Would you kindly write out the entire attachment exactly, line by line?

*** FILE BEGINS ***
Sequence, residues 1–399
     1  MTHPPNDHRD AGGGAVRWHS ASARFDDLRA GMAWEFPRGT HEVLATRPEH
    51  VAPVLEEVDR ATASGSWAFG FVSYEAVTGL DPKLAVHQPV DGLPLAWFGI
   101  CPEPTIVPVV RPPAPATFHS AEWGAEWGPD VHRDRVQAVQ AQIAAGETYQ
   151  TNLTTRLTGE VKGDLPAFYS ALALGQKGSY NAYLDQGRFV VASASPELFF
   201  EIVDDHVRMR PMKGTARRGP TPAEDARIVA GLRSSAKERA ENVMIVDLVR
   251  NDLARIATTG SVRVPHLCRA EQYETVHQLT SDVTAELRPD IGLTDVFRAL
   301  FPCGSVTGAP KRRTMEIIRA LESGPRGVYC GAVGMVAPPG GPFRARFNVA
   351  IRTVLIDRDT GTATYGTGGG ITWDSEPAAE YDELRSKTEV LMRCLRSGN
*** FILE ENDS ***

Sequence, residues 1–399
     1  MTHPPNDHRD AGGGAVRWHS ASARFDDLRA GMAWEFPRGT HEVLATRPEH
    51  VAPVLEEVDR ATASGSWAFG FVSYEAVTGL DPKLAVHQPV DGLPLAWFGI
   101  CPEPTIVPVV RPPAPATFHS AEWGAEWGPD VHRDRVQAVQ AQIAAGETYQ
   151  TNLTTRLTGE VKGDLPAFYS ALALGQKGSY NAYLDQGRFV VASASPELFF
   201  EIVDDHVRMR PMKGTARRGP TPAEDARIVA GLRSSAKERA ENVMIVDLVR
   251  NDLARIATTG SVRVPHLCRA EQYETVHQLT SDVTAELRPD IGLTDVFRAL
   301  FPCGSVTGAP KRRTMEIIRA LESGPRGVYC GAVGMVAPPG GPFRARFNVA
   351  IRTVLIDRDT GTATYGTGGG ITWDSEPAAE YDELRSKTEV LMRCLRSGN